My favorite Black Card memory happened maybe ten years ago when my boss/mentor joked that she was going to fire me and take away my Black Card if I didn’t get off my ass and watch Love Jones. In my head I was like, “Wait, I have a Black Card? Hell yeah!” 

I don’t love the idea of having to experience certain pop culture to be authentically black, but after devoting myself to punk as a teenager, I still feel like I’m playing catch-up on stuff I missed while bumping Fugazi. Now I know what someone means when they talk about that funk in their right thigh.

What made you decide to leave the main character unnamed? What an awesome writing style! What did you want to show the reader by doing this?

Thanks! I did it in tribute to Ralph Ellison’s Invisible Man, which also has an unnamed narrator. I’m simplifying here, but that book’s about how no one sees black people for who we are, they just project their own ideas about black people onto us, rendering us invisible as individuals. I was working in a similar space with Black Card, thinking about how being mixed-race can make you unusual-looking and how that gives people the need to categorize you. In Black Card, most of what happens to the narrator is because someone has made a decision about him based on their own prejudices. 

I loved the flashbacks to when the main character was growing up as a little boy. In the flashbacks we saw instances where the main character did not want to behave in a way that was predictable. Like when he cut class, or wanted to play his music louder than his father would have liked just because. I saw him going left instead of right just because he could, and making up his own mind. What is it about kids and not wanting to seem predictable? In some ways, almost striving to be different in the face of authority or even just their world. I could relate to that so much. Can you expand upon your own personal experiences with this growing up?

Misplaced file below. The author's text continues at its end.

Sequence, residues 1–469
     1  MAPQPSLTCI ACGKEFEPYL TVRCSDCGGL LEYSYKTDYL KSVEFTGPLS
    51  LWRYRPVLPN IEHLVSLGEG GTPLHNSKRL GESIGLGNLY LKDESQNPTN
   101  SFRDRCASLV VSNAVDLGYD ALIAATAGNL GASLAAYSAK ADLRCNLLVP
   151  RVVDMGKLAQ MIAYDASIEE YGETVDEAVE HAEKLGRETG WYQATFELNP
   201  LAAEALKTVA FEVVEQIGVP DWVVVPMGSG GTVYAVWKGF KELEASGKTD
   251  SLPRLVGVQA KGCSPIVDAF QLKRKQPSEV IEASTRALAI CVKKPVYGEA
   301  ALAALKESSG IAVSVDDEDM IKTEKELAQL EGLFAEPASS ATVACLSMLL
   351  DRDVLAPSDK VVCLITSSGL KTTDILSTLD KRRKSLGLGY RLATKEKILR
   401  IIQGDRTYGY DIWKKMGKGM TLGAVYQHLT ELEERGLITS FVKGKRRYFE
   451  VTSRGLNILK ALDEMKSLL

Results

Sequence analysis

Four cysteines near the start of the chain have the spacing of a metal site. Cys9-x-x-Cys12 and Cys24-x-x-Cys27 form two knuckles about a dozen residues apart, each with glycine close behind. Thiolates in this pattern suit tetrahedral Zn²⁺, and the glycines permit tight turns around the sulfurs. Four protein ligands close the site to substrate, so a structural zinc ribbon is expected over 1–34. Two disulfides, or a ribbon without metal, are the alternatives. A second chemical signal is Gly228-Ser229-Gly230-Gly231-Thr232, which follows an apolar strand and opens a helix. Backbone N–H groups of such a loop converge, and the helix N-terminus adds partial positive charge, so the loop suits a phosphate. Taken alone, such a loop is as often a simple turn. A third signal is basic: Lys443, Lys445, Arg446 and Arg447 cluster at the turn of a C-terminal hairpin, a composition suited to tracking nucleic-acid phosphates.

Both as a kid and as a young adult, Black Card’s narrator is trying to carve out his own space in a hostile world. He’s trying to take control and, as he loses faith in the structures around him, he begins seeking alternatives. I think that part of maturing is finding a place where you can be yourself, so that you can spend time there getting to know yourself. That can be more complicated or layered for mixed-race people who might feel pulled in multiple directions.

In the book we saw that with everything happening, he never really sat down and took a moment to examine his feelings. He never took a moment to even just cry about what was happening to him, to release some of those emotions. That really moved me. Was this an important theme in the book?  

I wanted the narrator and his bandmates to all be closed-off, emotionally stunted men. And I wanted the narrator to start to understand that, as he starts checking his reactions to the serious things happening around him. It’s toxic masculinity that has guys telling jokes instead of sharing their feelings and it leaves them unable to deal with serious stuff. Chances are, a black person is going to be confronted with more serious shit sooner. White guys…they might be able to coast for longer.